This study was undertaken to determine whether a program of education, therapeutic reevaluation of eligible patients, and performance feedback could shift prescribing to cimetidine from other histamine-2 receptor antagonists, which commonly are used in the management of ulcers and reflux, and reduce costs without increasing rates of ulcer-related hospital admissions.Methods.
This study used an interrupted monthly time series with comparison series in a large mixed-model health maintenance organization. Physicians employed in health centers (staff model) and physicians in independent medical groups contracting to provide health maintenance organization services (group model) participated. The comparative percentage prescribed of specific histamine-2 receptor antagonists (market share), total histamine-2 receptor antagonist prescribing, cost per histamine-2 receptor antagonist prescription, and the rate of hospitalization for gastrointestinal illness were assessed.Results.
In the staff model, therapeutic reevaluation resulted in a sudden increase in market share of the preferred histamine-2 receptor antagonist cimetidine (+53.8%) and a sudden decrease in ranitidine (−44.7%) and famotidine (−4.8%); subsequently, cimetidine market share grew by 1.1% per month. In the group model, therapeutic reevaluation resulted in increased cimetidine market share (+9.7%) and decreased prescribing of other histamine-2 receptor antagonists (ranitidine −11.6%; famotidine −1.2%). Performance feedback did not result in further changes in prescribing in either setting. Use of omeprazole, an expensive alternative, essentially was unchanged by the interventions, as were overall histamine-2 receptor antagonist prescribing and hospital admissions for gastrointestinal illnesses. This intervention, which cost approximately $60,000 to implement, resulted in estimated annual savings in histamine-2 receptor antagonist expenditures of $1.06 million.Conclusions.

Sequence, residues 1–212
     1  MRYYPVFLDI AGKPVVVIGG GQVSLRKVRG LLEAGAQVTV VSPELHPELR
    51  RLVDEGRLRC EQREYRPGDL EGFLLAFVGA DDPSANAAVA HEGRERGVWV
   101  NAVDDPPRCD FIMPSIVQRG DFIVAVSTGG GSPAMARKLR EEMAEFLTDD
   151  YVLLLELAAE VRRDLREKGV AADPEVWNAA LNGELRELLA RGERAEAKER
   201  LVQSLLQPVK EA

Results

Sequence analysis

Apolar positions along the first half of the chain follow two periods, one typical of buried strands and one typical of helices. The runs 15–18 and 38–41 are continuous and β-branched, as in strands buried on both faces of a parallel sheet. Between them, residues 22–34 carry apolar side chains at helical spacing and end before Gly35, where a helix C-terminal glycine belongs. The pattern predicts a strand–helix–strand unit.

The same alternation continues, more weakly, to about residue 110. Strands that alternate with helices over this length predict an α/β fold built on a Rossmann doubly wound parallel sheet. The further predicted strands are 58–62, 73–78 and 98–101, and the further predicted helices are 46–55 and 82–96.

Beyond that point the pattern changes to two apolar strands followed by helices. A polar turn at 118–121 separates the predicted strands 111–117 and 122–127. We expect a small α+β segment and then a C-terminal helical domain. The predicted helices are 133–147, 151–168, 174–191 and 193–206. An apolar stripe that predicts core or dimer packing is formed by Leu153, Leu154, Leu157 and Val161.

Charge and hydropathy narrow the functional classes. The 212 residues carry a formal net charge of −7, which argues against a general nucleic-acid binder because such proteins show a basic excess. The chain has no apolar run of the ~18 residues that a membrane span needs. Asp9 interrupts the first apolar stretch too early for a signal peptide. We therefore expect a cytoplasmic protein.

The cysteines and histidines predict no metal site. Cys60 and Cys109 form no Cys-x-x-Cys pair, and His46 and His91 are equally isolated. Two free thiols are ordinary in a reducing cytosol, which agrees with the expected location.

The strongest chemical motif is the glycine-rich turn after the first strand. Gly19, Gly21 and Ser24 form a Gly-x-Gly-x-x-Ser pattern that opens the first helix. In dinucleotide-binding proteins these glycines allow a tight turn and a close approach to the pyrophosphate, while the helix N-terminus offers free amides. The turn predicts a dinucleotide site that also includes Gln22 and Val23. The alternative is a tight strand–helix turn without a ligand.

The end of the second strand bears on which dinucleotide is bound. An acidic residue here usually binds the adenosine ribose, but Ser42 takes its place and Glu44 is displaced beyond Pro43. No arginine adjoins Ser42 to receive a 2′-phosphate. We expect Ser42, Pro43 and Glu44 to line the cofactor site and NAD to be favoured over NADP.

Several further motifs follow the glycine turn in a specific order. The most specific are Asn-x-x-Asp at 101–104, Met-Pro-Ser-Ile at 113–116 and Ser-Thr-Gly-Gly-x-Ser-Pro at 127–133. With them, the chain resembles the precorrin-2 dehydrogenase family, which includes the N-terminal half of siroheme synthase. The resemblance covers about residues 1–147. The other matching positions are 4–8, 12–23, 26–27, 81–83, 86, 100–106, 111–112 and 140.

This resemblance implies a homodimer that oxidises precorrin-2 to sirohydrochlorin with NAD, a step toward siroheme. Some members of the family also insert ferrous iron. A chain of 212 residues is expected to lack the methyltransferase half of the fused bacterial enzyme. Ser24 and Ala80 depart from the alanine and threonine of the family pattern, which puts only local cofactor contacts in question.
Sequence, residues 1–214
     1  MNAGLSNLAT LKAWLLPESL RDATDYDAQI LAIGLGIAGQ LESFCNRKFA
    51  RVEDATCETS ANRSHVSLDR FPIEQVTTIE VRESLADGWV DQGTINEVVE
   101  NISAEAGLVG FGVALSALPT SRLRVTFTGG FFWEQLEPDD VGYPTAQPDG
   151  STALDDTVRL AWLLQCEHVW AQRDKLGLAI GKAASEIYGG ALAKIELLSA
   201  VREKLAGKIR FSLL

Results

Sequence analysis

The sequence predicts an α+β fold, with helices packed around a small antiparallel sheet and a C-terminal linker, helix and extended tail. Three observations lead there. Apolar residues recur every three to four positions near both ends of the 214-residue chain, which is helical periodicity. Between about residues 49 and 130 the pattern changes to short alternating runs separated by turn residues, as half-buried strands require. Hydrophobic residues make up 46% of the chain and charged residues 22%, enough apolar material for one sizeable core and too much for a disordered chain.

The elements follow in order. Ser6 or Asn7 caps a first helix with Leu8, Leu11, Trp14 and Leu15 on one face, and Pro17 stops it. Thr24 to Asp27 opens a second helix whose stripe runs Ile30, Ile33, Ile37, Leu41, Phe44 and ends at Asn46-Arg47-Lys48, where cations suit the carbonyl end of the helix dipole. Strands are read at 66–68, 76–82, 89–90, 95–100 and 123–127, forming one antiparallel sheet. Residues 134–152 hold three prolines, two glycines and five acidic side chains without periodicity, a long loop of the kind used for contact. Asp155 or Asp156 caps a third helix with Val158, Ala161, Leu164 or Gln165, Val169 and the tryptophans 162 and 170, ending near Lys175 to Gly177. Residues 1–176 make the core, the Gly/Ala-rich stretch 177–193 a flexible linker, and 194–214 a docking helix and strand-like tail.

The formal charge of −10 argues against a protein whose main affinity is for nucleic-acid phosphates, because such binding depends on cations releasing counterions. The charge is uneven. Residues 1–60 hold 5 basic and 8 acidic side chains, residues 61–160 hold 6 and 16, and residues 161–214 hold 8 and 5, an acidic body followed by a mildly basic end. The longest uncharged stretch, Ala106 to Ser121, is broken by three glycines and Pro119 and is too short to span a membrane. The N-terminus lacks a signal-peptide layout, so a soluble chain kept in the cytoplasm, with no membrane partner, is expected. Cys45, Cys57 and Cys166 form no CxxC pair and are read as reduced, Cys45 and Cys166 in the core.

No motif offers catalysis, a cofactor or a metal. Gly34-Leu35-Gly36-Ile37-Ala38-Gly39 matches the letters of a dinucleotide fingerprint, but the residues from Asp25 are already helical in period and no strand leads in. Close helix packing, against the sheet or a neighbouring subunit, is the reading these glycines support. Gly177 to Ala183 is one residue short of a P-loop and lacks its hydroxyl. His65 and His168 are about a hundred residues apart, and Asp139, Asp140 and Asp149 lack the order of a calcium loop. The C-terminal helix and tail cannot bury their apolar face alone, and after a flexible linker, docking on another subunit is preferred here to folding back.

Annual savings in histamine-2 receptor antagonist expenditures after this multifaceted intervention were more than implementation costs, with no discernible effects on numbers of hospitalizations. The magnitude of effect and cost savings were much greater in the staff model; organizational factors and economic incentives may have contributed to these differences. More research is needed to determine the generalizability of this approach to other technologies and managed care settings.